I don’t imagine that the idea of a long-winded essay about ritual tools is terribly interesting to seasoned veterans of the Wiccan path. It’s gotten to the point where, if you’ve read one 101 book, you’ve pretty much read them all, and they all have at least one chapter devoted to the increasingly dull task of describing traditional ritual tools and their various associations and purposes. Really, how much is there to say about a wand?
Plenty, if you’re me, and you don’t use one. There are in fact a number of small but significant differences between my altar and those of many of other Wiccans.
First, however, a bit of background:
I am lucky enough to live alone and have neither inquisitive dogs nor small children, so I have altars all over the house. My main working altar is in my bedroom, where I can see it every morning when I wake up. I have used everything from the top of a foot locker to a board on a stack of books as my altar, and during my first few years on the path I stuck to the layouts and tools that books told me to. I thought, “Hey, I don’t use half of this crap, but someday I might, and besides, it looks so cool.”
Yeah, I thought that. Don’t forget I became Wiccan at age sixteen.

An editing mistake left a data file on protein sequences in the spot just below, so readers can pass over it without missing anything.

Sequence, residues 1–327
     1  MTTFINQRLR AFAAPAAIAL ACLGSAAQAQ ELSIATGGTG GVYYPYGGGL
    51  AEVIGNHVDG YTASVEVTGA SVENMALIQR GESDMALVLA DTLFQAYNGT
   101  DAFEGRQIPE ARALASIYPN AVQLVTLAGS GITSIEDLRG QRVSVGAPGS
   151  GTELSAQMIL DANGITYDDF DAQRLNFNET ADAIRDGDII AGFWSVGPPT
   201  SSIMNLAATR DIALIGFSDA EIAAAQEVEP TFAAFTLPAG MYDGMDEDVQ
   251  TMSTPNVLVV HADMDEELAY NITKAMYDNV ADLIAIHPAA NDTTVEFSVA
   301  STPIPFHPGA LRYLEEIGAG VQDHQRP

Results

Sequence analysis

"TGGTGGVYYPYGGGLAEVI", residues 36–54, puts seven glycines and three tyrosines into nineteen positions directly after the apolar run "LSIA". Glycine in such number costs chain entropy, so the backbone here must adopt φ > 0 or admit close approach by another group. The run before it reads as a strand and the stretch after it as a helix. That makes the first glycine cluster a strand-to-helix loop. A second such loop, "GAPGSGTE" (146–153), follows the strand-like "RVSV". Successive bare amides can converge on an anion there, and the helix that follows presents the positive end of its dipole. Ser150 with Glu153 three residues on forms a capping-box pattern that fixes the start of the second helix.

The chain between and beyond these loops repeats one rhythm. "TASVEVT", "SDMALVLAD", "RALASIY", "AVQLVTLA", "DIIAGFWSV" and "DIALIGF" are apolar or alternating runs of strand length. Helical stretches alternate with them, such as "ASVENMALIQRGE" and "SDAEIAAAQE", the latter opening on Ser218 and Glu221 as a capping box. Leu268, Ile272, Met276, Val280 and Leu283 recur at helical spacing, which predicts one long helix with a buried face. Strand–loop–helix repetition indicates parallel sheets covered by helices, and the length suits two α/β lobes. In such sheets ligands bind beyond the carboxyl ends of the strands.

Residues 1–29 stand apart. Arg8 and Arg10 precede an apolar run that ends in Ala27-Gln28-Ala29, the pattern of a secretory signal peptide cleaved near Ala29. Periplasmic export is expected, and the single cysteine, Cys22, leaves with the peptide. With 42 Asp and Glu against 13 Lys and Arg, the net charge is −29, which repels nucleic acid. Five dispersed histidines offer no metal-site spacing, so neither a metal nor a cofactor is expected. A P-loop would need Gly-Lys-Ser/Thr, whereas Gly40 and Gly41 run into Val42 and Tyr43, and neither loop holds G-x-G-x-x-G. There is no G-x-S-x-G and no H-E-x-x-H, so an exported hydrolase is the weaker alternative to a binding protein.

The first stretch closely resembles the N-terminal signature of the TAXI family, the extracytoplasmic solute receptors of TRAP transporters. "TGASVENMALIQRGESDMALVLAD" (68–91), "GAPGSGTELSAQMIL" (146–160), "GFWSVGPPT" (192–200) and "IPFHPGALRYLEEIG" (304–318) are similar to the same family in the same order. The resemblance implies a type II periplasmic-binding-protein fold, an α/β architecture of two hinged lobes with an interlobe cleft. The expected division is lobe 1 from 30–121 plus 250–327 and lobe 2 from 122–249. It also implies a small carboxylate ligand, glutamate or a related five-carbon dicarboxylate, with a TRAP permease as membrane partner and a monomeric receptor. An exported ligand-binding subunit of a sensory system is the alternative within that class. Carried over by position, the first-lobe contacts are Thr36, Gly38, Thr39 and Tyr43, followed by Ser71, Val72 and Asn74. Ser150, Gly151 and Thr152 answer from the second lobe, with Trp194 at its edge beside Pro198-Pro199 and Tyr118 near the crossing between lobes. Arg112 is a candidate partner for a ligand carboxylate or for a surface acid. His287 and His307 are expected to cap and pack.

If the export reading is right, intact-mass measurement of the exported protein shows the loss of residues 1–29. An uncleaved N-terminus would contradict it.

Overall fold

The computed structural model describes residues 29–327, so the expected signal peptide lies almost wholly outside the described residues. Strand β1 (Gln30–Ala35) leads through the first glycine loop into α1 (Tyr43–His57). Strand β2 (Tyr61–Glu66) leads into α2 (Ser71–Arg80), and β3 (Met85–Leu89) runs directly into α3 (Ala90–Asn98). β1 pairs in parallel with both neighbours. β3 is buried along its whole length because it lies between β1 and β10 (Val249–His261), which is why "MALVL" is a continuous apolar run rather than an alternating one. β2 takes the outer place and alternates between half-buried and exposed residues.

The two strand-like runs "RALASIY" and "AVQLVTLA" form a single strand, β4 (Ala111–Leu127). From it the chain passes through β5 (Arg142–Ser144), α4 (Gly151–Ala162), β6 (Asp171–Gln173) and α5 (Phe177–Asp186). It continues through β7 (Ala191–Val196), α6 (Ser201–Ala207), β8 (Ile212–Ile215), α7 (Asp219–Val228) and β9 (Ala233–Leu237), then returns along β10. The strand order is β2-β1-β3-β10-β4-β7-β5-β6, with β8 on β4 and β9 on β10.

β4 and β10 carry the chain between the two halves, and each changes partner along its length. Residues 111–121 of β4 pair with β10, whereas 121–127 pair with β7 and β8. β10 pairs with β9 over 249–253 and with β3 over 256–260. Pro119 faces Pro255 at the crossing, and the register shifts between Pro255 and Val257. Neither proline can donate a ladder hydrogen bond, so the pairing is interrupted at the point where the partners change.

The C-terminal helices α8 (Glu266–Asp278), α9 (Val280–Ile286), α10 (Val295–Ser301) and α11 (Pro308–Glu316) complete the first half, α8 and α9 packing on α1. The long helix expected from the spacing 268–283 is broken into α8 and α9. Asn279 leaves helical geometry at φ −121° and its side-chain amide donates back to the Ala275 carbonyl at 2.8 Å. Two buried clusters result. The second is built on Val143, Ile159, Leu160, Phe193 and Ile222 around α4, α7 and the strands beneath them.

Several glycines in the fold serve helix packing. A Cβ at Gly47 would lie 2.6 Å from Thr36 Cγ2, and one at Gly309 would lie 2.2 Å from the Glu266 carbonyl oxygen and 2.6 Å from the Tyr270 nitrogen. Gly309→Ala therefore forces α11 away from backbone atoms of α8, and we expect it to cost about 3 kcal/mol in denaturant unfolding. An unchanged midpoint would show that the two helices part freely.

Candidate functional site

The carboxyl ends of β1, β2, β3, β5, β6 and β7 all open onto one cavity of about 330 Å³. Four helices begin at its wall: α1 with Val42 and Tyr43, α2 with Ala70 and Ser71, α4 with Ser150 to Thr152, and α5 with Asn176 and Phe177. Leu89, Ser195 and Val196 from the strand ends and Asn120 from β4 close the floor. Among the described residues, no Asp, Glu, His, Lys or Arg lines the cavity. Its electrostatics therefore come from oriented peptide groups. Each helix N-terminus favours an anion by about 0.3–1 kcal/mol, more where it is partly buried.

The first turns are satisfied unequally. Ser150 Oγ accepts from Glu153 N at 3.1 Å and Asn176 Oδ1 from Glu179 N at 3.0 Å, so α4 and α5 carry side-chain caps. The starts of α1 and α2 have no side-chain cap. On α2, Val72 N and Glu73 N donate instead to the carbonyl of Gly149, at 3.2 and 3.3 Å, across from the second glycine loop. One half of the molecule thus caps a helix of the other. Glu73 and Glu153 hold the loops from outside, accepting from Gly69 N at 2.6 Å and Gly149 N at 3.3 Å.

Gradually over the years I pared down and pared down, keeping only those tools that I actually used. I also found there were some things I used in ritual all the time that weren’t really represented in the books.
My altar was once my grandmother’s piano bench, which I somehow inherited when she died (sans piano). For years I used it as a bedside table, and even though I thought it would make a great altar, I prefer my altars at sitting height and the thought of cutting the legs off seemed like blasphemy. Last year, I got over that, and enlisted the help of my dear friend S1ren, as well as the help of her power tools. We sanded and refinished the bench, and voila, the perfect Sylvan altar.
The altar itself boasts my working tools, a whole lot of stones, and a variety of other sacred tchotchkes. Typically there are bits of trees and other things I’ve picked up on nature walks that reflect the season; there also tend to be remnants of spellwork and other magical projects-in-progress.
One of these days I’m going to set up a website or photoblog that’s devoted entirely to photographs of Pagan altars; the way we express our spiritual creativity through our sacred spaces is a fascination of mine.
At any rate, the first thing you should know about my tradition is that I work with not four, but six Elements: Earth, Air, Fire, Water, Darkness, and Light. The tools I use (and the ones I don’t use) reflect that variation on the standard Pagan worldview. Each tool directly represents one of the Elements.
Now, on regular altars you see a lot of redundancy. The water bowl and the chalice both symbolize Water, or the incense represents both Fire and Air but the athame is also Fire, and so on. There are plenty of perfectly logical explanations as to why you would have so many symbols on your altar, but I always felt that simplicity was best, so I have one for each, plus a few other things I use more rarely that aren’t on my altar every day.